• Generally, the FDA believes that any advertisement to recruit subjects should be limited to the information the prospective subjects need to determine their eligibility and interest. When appropriately worded, the following items may be included in advertisements. It should be noted, however, that the FDA does not require inclusion of all of the listed items.

o   the name and address of the clinical investigator and/or research facility;

o   the condition under study and/or the purpose of the research;

o   in summary form, the criteria that will be used to determine eligibility for the study;

o   a brief list of participation benefits, if any (e.g., a no-cost health examination);

o   “the time or other commitment required of the subjects; and

o   the location of the research and the person or office to contact for further information.”


Advertisements for research regulated by the FDA may not:

  • Make claims, either explicitly or implicitly, about the drug, biologic, or device under investigation that are inconsistent with FDA labeling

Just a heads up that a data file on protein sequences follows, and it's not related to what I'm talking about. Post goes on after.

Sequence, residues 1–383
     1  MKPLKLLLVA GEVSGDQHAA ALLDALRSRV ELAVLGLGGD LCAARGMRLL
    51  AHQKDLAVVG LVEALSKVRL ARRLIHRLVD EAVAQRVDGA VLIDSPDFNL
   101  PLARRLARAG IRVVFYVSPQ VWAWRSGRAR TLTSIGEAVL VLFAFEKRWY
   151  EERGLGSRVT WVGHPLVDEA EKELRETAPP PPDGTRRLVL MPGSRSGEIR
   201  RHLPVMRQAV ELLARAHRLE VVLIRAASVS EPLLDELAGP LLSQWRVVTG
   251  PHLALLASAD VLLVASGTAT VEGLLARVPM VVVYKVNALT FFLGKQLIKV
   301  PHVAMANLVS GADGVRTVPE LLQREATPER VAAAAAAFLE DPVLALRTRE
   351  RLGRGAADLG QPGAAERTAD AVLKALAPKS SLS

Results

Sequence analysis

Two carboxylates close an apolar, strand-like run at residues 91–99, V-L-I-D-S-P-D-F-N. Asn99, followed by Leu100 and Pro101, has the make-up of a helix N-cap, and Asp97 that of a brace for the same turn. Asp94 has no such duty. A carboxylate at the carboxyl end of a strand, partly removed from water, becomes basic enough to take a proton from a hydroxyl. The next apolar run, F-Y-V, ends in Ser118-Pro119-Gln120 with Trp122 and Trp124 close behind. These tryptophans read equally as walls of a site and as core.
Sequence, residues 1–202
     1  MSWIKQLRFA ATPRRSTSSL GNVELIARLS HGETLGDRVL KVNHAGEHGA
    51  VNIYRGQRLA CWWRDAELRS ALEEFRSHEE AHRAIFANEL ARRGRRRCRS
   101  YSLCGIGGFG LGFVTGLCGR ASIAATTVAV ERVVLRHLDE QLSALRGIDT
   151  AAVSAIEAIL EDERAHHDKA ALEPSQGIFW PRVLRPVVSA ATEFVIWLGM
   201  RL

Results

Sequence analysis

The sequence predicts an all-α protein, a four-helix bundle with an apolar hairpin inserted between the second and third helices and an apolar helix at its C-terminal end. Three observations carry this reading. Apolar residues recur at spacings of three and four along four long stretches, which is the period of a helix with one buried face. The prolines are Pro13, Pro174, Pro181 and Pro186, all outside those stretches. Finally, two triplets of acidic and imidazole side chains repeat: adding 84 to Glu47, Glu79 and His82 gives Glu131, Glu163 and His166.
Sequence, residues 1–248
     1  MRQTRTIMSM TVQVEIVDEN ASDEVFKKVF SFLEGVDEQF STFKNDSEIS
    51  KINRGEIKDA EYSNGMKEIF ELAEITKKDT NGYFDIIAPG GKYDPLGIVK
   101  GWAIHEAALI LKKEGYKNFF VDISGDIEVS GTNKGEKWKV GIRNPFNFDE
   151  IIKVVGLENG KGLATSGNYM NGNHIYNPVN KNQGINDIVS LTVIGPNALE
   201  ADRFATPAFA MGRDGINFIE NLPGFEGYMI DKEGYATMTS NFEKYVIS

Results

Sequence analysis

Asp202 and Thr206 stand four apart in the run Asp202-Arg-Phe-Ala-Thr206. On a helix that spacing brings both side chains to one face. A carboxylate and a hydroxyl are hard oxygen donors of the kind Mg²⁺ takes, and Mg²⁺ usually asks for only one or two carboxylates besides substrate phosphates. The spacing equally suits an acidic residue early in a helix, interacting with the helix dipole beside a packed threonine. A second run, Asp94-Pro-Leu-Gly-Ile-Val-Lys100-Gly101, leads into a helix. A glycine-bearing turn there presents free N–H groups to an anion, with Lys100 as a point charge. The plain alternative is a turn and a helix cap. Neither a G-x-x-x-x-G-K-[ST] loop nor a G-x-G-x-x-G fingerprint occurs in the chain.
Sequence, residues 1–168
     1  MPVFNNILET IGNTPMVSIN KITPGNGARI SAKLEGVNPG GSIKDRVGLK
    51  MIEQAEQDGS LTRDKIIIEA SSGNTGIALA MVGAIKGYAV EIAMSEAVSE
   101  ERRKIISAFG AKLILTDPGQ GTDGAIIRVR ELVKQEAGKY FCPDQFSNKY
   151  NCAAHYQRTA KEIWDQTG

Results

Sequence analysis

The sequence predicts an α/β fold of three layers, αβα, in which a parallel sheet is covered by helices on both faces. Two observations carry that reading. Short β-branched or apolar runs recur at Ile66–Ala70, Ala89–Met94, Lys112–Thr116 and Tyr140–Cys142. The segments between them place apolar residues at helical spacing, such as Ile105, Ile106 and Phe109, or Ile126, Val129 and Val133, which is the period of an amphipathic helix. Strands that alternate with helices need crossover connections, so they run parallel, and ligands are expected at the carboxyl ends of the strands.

• Use terms such as “new treatment,” “new medication,” or “new drug” without explaining that the test article is investigational
  • Allow compensation for participation in a trial offered by a sponsor to include a coupon good for a discount on the purchase price of the product once it has been approved for marketing

Additional Considerations
For research studies subject to the requirements of the U.S. Department of Defense and the U.S. Department of Justice, see the following sections of the Human Research Protection Program Manual:

2-2-A       U.S. Department of Defense
2-2-C       U.S. Department of Justice

This policy and procedure supersedes those previously drafted.

Approved By: Vice President of Research and Graduate Studies, 3-3-2005. Revision 1 approved by VP Research & Graduate Studies on 3-9-2008. Revision 2 approved by VP Research & Graduate Studies on 7-21-2011.
Revision 3 approved by Assistant VP Regulatory Affairs on 1-22-2015.

Related HRPP Manual Sections

Approved PDF Version

Please note that hyperlinks have been added to the web version of this document for ease of use. View approved PDF version of Section 6-5, Selection of Subjects and Recruitment.